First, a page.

LA2 with internal ID 50 is the meta user identity for Lars Aronsson, Sweden. See also the English, German, and Swedish Wikipedia. I'm the founder of Project Runeberg, a website of digitized Scandinavian literature. I used to have a wiki named susning.nu.
September 10-13, 2015: I attend the Wikimedia CEE Meeting 2015
May 12, 2011: An example:
|Golden Gate Bridge||
September 13, 2009: I left foundation-l. The unmoderated list was hijacked by a few people with nothing to say, but posting a lot. Too much meta discussions followed. The Wikimedia Foundation did nothing to stop them, so I have to stop this flow of mud from entering my inbox.
- April 7, 2009: I apply for a toolserver account. It is granted three months later, on July 5. Trying hard not to seem desperate, I wait two more months, until September 15 before I submit my login details.
- 5 Nov 2008, /Exercises translated from the Swedish /Övningsuppgifter used at Wikipedia Academy, Lund, November 12-13, 2008
- 31 Dec 2007, Top 20 most read Wikipedia articles during December 2007 in some North European languages, based on visitor statistic logfiles from Domas Mituzas
- 20 Oct 2007, I'm a member of the board of Wikimedia Sverige, see the presentation of my candidature
- 2 Oct 2007, /ISBN stats 2007, trying to improve ISBN quality through statistics, based on output from Extraktor
- 30 Aug 2006, /Extraktor, a Perl script to extract template call parameter values from a Wikipedia XML dump
- 9 Oct 2005, Stubopedia
- 19 Aug 2005, /Information Warfare and the Red W
- 15 Aug 2005, Talk:Wikidata#A_minimalist_approach
- 12 Aug 2005, /Digitizing books with MediaWiki
September 9, 2007: The other year, when I was trying to improve the help pages of the Swedish Wikipedia, I found that many pages had been started from an existing technical mechanism in the software, such as templates. Even though templates are very general purpose, their use has evolved into a few strong categories such as navigation boxes, infoboxes, source references, etc. Infoboxes and their subvariety taxoboxes in biology are in fact older than templates, since they started as simple HTML tables, copied into each article. So rather than writing a help page for templates, I wrote a help page for infoboxes, trying to describe how they were used for a purpose (what and why) rather than which software mechanism they were based upon (how). There is a definite date when support for templates was introduced in the software. The same goes for MediaWiki's table syntax and categories. But very similar use patterns predate these introductions: designing tables with HTML or preformated text, and using list pages as a precursor for categories. The entire system of tools for structuring the world's knowledge (as is Wikipedia's goal) can be fully understood only if we document the historic evolution of these mechanisms, use patterns and their associated policies. This reasoning is not limited to Wikipedia. On Wikisource, the use of scanned page images and proofreading instructions predate the introduction of the "Page" extension. Categories are used not only for arranging articles by subject, but also for indicating quality standards and grouping articles with deficiencies (such as stubs). Maybe Wikibooks and Wikinews has similar patterns?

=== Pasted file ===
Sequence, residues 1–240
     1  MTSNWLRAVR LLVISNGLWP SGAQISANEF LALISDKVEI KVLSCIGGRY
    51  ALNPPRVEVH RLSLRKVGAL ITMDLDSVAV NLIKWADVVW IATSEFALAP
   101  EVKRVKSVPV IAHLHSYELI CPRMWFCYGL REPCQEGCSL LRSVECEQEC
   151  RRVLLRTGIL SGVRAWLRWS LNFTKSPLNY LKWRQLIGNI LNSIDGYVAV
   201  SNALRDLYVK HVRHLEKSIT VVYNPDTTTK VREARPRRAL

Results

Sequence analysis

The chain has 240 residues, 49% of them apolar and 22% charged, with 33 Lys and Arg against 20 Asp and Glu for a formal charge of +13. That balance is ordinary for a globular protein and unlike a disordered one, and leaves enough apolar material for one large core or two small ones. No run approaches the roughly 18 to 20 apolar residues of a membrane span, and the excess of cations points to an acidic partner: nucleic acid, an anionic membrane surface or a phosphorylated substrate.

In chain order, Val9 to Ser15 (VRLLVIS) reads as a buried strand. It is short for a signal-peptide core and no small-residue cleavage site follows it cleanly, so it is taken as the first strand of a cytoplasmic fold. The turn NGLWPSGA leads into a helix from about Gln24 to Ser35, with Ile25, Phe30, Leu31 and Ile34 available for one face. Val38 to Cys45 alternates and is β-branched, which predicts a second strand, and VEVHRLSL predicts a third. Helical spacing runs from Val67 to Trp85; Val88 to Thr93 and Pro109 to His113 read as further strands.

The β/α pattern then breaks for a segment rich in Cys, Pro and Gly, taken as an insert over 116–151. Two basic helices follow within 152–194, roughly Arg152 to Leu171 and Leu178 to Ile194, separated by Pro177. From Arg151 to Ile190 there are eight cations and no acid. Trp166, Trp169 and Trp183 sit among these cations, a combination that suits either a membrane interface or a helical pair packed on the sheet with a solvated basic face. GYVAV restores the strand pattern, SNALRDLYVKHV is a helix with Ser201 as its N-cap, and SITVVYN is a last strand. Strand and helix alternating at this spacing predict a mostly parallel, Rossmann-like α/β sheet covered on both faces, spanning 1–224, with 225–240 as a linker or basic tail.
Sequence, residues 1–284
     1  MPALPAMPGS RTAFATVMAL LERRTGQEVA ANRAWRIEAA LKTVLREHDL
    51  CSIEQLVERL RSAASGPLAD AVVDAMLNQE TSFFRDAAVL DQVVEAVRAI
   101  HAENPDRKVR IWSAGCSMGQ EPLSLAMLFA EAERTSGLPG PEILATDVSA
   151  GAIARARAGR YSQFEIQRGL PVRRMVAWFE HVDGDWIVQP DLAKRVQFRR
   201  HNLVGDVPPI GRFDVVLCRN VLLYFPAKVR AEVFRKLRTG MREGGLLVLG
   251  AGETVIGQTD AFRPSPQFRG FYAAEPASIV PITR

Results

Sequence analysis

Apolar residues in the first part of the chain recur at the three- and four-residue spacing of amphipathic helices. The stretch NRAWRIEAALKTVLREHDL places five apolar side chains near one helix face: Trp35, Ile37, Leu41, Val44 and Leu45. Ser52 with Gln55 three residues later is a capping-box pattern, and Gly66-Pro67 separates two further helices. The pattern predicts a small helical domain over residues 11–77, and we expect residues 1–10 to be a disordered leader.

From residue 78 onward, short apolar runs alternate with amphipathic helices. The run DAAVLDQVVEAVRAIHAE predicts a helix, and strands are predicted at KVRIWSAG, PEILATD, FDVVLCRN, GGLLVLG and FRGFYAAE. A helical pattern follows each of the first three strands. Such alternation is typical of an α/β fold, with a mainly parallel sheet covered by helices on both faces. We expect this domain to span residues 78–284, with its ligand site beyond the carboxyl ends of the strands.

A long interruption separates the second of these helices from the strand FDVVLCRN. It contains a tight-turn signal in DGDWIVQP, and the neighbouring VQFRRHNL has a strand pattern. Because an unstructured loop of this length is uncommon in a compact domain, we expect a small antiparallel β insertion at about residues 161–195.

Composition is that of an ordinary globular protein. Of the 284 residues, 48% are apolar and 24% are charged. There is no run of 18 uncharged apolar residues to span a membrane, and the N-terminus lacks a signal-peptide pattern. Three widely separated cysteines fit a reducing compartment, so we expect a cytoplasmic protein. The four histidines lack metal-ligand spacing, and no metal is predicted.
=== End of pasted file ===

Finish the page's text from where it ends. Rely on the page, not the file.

So, is anybody documenting this historic evolution of tools? When reading through the History of Wikipedia article on the English Wikipedia, it strikes me that this article writes the history, rather than writing about the history from a distance. There are references to a few history papers, such as Larry Sanger's recollection of the early days, but nobody seems to have written the History of Wikipedia outside of Wikipedia itself. So the WP article is very much "original research", which it shouldn't be. With Wikipedia still in its first decade, perhaps that is asking too much. But two thirds of that decade have past, and maybe its time to think about writing the history. Why not start on Wikibooks? My own interest would focus on the technology, tools and policies used to organize knowledge on a large scale. This is not just the history of the Mediawiki software, but also how the software features are used by the large Wikipedia community. Someone else might prefer to write about social interaction between users or certain kinds of social and systemic bias, such as gender issues.
The closest Wikibooks project that I have found is Wiki Science, but it is a little too wide in scope. Looking around Wikibooks, I'm getting depressed by all the half-started and abandoned projects. This makes me think twice about starting a new Wikibook project, since I don't want mine to be among the abandoned ones. Maybe inactive and unfinished projects should be removed (deleted or pushed out of sight, to the "attic"), to improve the quality of the average project? I'll leave these thoughts here for now and see if they mature.